This is something I thought (and plenty of people disagree with me about) the movie did pretty well: focus on the people. The opening of the film has hints and discussion of kaiju but none are really seen at first. When disaster strikes, it’s written off as a natural occurrence but Heisenberg Brody doesn’t believe it.

What you have is a gradual build to the first MUTO’s reveal, but the entire time you have an understanding that this is of a scale completely out of human control. There are plenty of tight visual scenes, small in focus, that transition to these wide-lens shots of mountain ranges and cityscapes. It’s all set-up for the comparison of mankind to the massive monsters emerging from the deep and it’s beautifully done.

The charisma of the human element loses some once the kaiju’s first emerge, though, and part of me wants to blame it on the overpowering spectacle of these massive beasts. Part of me knows that it’s the wooden and occasionally face-palmingly stupid dialogue, though, despite everyone’s best efforts to make it work. I do like Aaron Taylor-Johnson, so I’m letting him slide. Barely.

Can we talk about how Ford Brody is a stupid fucking name? Like, for real. I used to spin Ford brodys in the Wal-Mart parking lot in the middle of a boring February. That is a thing idiots do. It is not a name.

Anyway, hit or miss dialogue and acting aside, the general helplessness and struggle to do something, anything in the face of these maelstroms of carnage is solidly executed. There are even some small victories as performed by humans that make us out to look pretty good. The movie uses its pacing and its gradual reveals and growth of the kaijus to build to an amazing climax.

Godzilla has the least amount of time in this film, but it isn’t super minimal and it is completely amazing. There is something so terribly unnerving and yet deeply satisfying about Godzilla’s roar that it induced what I can only describe as a feargasm. By the time the credits roll, I truly felt that Godzilla had reached back into 1998 and snatched the King of the Monsters crown from the shameful corpse of Sarah Jessica Parker or whatever the monster was in that film.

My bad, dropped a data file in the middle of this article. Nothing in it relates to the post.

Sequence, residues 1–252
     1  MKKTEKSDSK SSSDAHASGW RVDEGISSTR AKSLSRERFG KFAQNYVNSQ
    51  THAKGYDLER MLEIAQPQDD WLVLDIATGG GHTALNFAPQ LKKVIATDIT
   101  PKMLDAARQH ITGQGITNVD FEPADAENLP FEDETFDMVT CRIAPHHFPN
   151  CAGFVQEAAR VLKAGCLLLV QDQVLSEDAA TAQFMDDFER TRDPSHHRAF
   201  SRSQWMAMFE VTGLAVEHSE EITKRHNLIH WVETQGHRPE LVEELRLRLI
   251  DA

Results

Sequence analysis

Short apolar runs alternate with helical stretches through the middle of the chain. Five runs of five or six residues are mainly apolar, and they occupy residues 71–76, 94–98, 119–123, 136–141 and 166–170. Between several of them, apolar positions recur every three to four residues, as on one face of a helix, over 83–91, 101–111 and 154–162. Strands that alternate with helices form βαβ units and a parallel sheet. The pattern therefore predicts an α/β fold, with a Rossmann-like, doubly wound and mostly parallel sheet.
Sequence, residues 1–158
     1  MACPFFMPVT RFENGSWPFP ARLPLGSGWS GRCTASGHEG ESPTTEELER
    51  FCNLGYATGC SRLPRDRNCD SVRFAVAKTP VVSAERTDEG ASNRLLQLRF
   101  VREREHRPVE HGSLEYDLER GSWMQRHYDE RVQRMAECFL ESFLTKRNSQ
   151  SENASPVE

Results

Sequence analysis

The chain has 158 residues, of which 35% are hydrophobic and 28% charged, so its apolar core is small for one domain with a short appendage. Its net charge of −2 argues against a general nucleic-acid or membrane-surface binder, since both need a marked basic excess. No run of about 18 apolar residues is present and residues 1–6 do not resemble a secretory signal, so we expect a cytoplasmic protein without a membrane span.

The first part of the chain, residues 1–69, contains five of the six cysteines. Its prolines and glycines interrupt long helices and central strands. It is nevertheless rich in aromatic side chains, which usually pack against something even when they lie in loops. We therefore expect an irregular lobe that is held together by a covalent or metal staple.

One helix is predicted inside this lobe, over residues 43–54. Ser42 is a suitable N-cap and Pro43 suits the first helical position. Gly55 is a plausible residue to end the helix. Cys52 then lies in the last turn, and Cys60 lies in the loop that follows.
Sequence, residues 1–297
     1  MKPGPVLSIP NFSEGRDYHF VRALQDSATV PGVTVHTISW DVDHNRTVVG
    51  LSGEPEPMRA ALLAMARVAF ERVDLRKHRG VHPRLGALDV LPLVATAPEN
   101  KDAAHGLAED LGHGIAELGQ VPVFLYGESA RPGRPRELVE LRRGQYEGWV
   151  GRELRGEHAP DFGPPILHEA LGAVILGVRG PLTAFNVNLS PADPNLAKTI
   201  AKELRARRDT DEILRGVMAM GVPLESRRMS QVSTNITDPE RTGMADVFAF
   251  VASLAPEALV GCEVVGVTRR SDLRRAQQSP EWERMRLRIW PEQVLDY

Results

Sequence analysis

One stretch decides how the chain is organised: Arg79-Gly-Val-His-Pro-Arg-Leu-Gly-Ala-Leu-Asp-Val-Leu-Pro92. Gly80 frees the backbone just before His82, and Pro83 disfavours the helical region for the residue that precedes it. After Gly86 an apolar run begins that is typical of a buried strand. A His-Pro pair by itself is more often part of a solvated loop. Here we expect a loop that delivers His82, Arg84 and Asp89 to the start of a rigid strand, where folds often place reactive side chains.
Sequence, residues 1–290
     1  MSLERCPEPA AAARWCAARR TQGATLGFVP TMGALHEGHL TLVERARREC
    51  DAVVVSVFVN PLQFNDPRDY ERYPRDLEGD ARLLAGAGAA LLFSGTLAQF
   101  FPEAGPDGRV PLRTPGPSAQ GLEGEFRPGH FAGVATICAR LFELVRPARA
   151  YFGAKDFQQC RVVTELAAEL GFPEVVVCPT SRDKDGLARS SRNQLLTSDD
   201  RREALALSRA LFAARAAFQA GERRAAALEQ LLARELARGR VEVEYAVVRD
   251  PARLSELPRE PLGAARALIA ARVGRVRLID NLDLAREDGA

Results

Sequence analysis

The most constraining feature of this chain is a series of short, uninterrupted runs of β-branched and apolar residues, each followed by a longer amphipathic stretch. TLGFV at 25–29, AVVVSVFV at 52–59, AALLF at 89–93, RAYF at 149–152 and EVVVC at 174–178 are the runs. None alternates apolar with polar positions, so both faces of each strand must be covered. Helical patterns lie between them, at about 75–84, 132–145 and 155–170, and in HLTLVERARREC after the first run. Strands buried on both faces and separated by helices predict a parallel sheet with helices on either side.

Should you see it? If you like giant monsters, then yes, absolutely. If not, hell, catch the matinee because I would like a sequel.

Some final notes:

-Apparently small children have a power I don’t know about that allows them to sniff out their own parents amongst thousands of strangers because this happens twice in the movie. I found this especially queer because at that age, I consistently lost my grandmother in the supermarket and I started that adventure right next to her.

– There are some really cool visual parallels between Ford “I have a stupid fucking name” Brody and God “I have an equally stupid but somehow much more imposing name” Zilla.

-I have a hard time believing you need binoculars to spot a 300-foot tall prehistoric radioctive animal in an open desert.

-Watanabe’s character, a scientist, at one point practically says (and this is barely paraphrasing), “We shouldn’t try doing anything. We should let them fight because Godzilla, a monster we have never witnessed in person and once tried to kill with nuclear weapons because it’s a horrifying, unpredictable, ancient slumber beast, will save us by hunting and killing them and probably, even though there isn’t any reason to believe this, leave us alone afterwards.”

Maybe I paraphrased a little more than I thought. But his argument verbatim is still phenomenally stupid.

Did I write this review solely so I could use the title I did for this entry?

I did. I did do that. Now go see Godzilla.